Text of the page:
one does one’s best to maintain the illusion of the best parts of the Middle Ages 24 hours a
Or rent a room—it can be a little spendy, but absolutely more personal than a hotel room!
Free time at Kapitelhusgården, I like it best there during the afternoon
Where will you eat?
I, as both a vegetarian and allergic, am rarely impressed by pub or restaurant offerings. I can
usually find a little salad, some Thai, a taco plate at Yoda (here they are not stingy with the
plates), and can relax at the “Munkkällaren”, in addition to the Medieval Resturant. The Visby
Ice Cream shop (Wisby glass), sells the best fresh ice cream and the cheese shop (Wisby ost)
sells the best luxury snacks and a really good gluten-free bread.
There are also some gems with good food in the Visby city center, and some that carry tasty
food late in evening (go where the locals go!), but the best option is to buy some picnic foods
from a grocery store outside the city walls. Fill a large basket of bread, fruit, cheese, sausage,
and something to drink, complete with a fresh carrots and raspberries from the large market.
Take it all to the beach, grassy lawns by the market place, or to a free concert and enjoy the
world’s cosiest picnic. You do know that picnics can be eaten at least three times a day? PS
extra chocolate and strawberries will attract new friends.
The Fire show and picnic go very well together.
Which activities are the best?
Medieval week begins already during the voyage over; take along a snack and something to
sew on, and you will fit in perfectly with all of the other happy medieval people who are
panic-sewing the last bits of their costumes. To sew on the ferry over is a well-established
tradition. On the return trip one doesn’t sew; one sleeps, and curses all of the parents who let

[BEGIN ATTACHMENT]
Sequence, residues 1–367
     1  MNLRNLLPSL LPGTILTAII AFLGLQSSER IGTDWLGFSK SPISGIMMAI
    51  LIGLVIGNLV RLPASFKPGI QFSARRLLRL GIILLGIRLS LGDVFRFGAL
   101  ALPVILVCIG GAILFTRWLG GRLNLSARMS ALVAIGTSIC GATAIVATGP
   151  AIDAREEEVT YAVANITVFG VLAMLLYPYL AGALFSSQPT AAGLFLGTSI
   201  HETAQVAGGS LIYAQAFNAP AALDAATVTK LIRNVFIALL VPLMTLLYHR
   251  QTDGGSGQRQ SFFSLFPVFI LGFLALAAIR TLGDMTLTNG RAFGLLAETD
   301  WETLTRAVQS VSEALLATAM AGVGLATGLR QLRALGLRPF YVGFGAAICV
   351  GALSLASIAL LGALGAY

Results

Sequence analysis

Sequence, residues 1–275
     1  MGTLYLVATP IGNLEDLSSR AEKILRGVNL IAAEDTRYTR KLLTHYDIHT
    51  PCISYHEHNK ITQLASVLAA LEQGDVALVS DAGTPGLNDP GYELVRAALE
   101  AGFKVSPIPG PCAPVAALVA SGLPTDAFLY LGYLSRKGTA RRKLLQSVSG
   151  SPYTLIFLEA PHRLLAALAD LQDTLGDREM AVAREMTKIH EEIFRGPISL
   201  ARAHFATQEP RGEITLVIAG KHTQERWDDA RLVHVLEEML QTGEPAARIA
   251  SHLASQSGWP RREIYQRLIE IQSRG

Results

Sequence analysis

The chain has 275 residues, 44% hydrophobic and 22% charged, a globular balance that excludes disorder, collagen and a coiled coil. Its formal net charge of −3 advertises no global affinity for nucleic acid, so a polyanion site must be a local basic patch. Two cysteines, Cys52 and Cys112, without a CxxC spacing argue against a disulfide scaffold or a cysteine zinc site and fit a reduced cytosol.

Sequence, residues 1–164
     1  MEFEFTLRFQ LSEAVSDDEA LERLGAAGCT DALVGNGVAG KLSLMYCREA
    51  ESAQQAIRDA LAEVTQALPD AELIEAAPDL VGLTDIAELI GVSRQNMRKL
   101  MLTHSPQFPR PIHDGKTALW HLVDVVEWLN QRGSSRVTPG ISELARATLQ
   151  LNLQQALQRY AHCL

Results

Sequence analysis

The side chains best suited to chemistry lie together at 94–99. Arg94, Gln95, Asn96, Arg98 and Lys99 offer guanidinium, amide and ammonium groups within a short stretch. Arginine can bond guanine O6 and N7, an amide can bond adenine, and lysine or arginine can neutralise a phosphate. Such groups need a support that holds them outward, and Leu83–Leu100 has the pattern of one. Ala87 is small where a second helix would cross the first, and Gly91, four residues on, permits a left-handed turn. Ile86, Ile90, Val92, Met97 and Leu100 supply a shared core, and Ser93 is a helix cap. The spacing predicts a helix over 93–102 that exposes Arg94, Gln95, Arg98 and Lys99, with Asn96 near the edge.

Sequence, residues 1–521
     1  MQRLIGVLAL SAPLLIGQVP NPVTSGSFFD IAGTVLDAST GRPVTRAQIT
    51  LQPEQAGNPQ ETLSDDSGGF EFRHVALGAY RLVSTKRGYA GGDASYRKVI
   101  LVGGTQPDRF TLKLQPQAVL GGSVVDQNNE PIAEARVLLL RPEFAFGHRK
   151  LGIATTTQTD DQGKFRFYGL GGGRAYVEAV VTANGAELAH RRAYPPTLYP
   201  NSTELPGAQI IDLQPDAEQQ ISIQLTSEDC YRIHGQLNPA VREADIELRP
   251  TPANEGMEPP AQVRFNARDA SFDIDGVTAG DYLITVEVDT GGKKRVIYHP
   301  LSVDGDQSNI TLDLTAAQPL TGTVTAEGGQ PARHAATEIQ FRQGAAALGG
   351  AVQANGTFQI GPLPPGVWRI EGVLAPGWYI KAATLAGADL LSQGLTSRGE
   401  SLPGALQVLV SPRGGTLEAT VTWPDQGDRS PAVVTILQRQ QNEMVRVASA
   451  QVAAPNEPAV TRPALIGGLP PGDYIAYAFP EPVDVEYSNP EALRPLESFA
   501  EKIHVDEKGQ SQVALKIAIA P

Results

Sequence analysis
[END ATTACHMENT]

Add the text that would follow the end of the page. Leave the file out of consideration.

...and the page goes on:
their children run wild.
The best place to relax and see entertainment is the Forum Vulgaris, at the market place,
which has been run by Proknekt for several years. Check out also the Medieval Week events
program to find such treats as open performances, dance and other workshops which occur
here and there within the city walls.
If you like the German fashions from the 1500’s then the “100 knectars” march is a must-see
cool experience. Drums and music echoes through the streets of Visby and the vibrations from
hundreds of feed can be felt through your entire body when they march through the town. Join
Kapitelhusgården is the location where I, and several other talented craftspeople teach courses
and give lectures over the week, so come by and learn a new craft technique! Many have held
their courses for several years and are real professionals who are outstanding in their field,
and here you have the chance to go to classes you would otherwise need to travel across half
of Sweden to attend.
Picnics in conjunction with the concerts, or in line for performances, and as a celebration after
performances, are cosy.
The Medieval garage sale is really fun, and is truly what it sounds like, but others have
discovered it, so be prepared to come early, and stand in line.
The Folksagosånger performance with David and Karro I will try to get to- when last I
listened to the duo they were good, witty, and had a wonderful atmosphere.
The prettiest places:
The botanical garden is one of my favourite places during the day: a beautiful garden with
nice benches and happy people strolling past. The little market at Kapitelhusgården and a
glass to drink in the afternoon before it becomes crowded. Beach walks during sunset, the
Trix fire show on Wednesday evening (go there for the atmosphere as much as the
performance), and the old city with in the city walls, with all of the narrow streets and
beautiful roses which climb along the house fronts. Magic!
Outside of Visby there is a pretty countryside on the road to the sea-stack Jungfru and the blue
lagoon, an old limestone quarry which provides clear and warm swimming water, well worth
the day’s excursion.
How long should I stay?
The whole week, at least! The town is Medieval from Saturday till the following week’s
Sunday, and if you want to see more of Gotland, you perhaps will need a few extra days. I can
never understand how a week can go by so quickly, and I never manage to see and do
everything I had planned. On the other hand, I am a confirmed Medieval nerd, and besides I
do work half the week. In recent years it has taken me several days before I even managed to see the whole market…
It can be really bone-chilling cold in the evenings—take along a warm cloak (or jacket or
It is good to bring along a pack of re-hydration tablets to mix with drinking water during the
heat of the day when you have walked too much. Bring also a large bottle to carry water; you
can fill it at water faucets in the market.
Visby’s streets are mostly cobblestone or asphalt, take along really comfortable shoes so that
your knees don’t complain after half a week.